If you peered out your window this morning with the intention of going on a relaxing autumnal walk, noticed the pouring rain, and thought: "better not," you weren't alone. The entire Eastern Seaboard is currently being slammed by a raging nor'easter that's bringing gusts of wind, and endless amounts of rain to several U.S. states over the next few days. But what is a nor'easter, and what is its connection to climate change?
"A Flash Flood Watch is in effect from 8 p.m. tonight until 5 p.m. tomorrow. Take this seriously. Use mass transit for your commute tonight and tomorrow. Don't walk or drive into flooded areas," New York City mayor Bill de Blasio tweeted on Monday, Oct. 25. "We know how quickly these storms can escalate, so everyone, especially those living in basement apartments, should plan accordingly."
Here's what you should know regarding the October 2021 nor'easter:
On the night of Monday, Oct. 25, a massive storm made its way to the Eastern Seaboard, bringing large amounts of wind and rain. Some areas in New York City and in parts of New Jersey are being threatened with flash flood warnings, according to The New York Times — particularly in low-lying regions by the Hudson River. Some communities could potentially see 2 inches of rain per hour, and strong gusts of wind are likely to blow out power in parts of Connecticut, Rhode Island, and Massachusetts.
Winds up to 60 miles per hour are expected to slam New York City through Wednesday morning, which could knock down trees and power lines. Schools have closed, and public transit in parts of New Jersey has been suspended. New York City locals hope this storm doesn't hit quite as hard as Hurricane Ida, but city dwellers should remain alert, and if they are commuting, should stick to mass transit, if possible.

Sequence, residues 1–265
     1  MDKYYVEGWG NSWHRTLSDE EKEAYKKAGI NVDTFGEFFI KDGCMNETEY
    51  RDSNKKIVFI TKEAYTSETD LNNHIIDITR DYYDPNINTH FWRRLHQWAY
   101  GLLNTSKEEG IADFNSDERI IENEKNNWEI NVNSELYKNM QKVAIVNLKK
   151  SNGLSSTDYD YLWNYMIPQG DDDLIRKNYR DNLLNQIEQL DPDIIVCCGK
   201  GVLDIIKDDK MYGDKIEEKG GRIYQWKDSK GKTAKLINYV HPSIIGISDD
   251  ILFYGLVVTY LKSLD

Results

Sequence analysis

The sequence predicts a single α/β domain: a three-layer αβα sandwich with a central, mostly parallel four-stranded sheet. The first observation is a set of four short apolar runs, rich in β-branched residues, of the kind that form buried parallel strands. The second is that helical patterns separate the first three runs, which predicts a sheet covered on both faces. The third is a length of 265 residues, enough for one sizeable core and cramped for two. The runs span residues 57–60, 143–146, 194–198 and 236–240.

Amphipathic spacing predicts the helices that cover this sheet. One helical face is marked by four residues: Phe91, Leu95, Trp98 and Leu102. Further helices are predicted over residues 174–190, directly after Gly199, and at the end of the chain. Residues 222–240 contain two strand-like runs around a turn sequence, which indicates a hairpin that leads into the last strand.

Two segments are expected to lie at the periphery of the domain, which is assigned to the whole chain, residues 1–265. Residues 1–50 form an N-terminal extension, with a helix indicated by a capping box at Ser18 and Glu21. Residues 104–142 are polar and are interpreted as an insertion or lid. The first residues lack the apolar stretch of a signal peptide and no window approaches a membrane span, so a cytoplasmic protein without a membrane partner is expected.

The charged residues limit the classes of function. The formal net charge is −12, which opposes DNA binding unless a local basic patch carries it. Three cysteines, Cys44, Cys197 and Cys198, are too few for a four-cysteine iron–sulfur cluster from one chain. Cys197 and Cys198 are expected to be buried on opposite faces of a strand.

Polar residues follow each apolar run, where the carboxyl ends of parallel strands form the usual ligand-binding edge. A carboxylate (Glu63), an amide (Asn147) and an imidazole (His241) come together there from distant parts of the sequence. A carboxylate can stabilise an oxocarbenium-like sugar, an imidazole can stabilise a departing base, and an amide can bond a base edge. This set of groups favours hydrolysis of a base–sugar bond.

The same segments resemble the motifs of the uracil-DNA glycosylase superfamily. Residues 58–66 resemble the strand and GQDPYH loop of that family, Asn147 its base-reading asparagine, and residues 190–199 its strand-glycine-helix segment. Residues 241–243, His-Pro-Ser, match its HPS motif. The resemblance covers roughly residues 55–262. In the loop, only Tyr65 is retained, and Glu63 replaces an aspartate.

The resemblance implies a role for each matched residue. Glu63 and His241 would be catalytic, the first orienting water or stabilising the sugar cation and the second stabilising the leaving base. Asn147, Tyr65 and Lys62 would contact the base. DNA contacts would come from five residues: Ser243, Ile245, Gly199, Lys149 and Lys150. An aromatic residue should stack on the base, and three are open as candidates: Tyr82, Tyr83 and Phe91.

What exactly is a nor'easter?
A nor'easter sounds like a really bad storm — but what is it, exactly? According to AccuWeather, it's a centuries-old term that refers to storms along the Eastern Seaboard that blow northeasterly winds along North America's Atlantic Coast. They can trigger major winds, snow, and rain. They don't always conjure up this kind of harsh weather, but they often do, based on their strength and where they're coming from.
As nor'easters hit cold fronts, they can increase in strength. They can also strengthen when they hit high pressure in southeastern Canada or New England, which causes winds to ramp up, often to hurricane-strength gusts. And they don't always — but can — transform into a bomb cyclone, which is when they intensify so quickly, that the central barometric pressure plummets by 0.71 of an inch of mercury (24 millibars) in the span of 24 hours. This usually results in blizzard conditions.
How are nor'easters connected to climate change?
Although climate change is expected to lower the amount of snow the U.S. receives on an annual basis, it's supposedly going to increase the number of nor'easters we see annually, according to NCAR UCAR. Nor'easters used to be something Americans saw every few years or so, but it's expected to be a frequent happening in the warming world. Why is this? The answer is pretty simple.
"What this research finds is almost all of the decrease in snow occurs in weaker, more nuisance-type events," atmospheric scientist Colin Zarzycki, told NCAR UCAR. "The really crippling storms that have major regional impacts on transportation, on the economy, on infrastructure are not significantly mitigated in a warming climate."
Basically, the study reiterated that extreme weather patterns are the new normal — so we can probably expect to see a few more of these before the end of the year.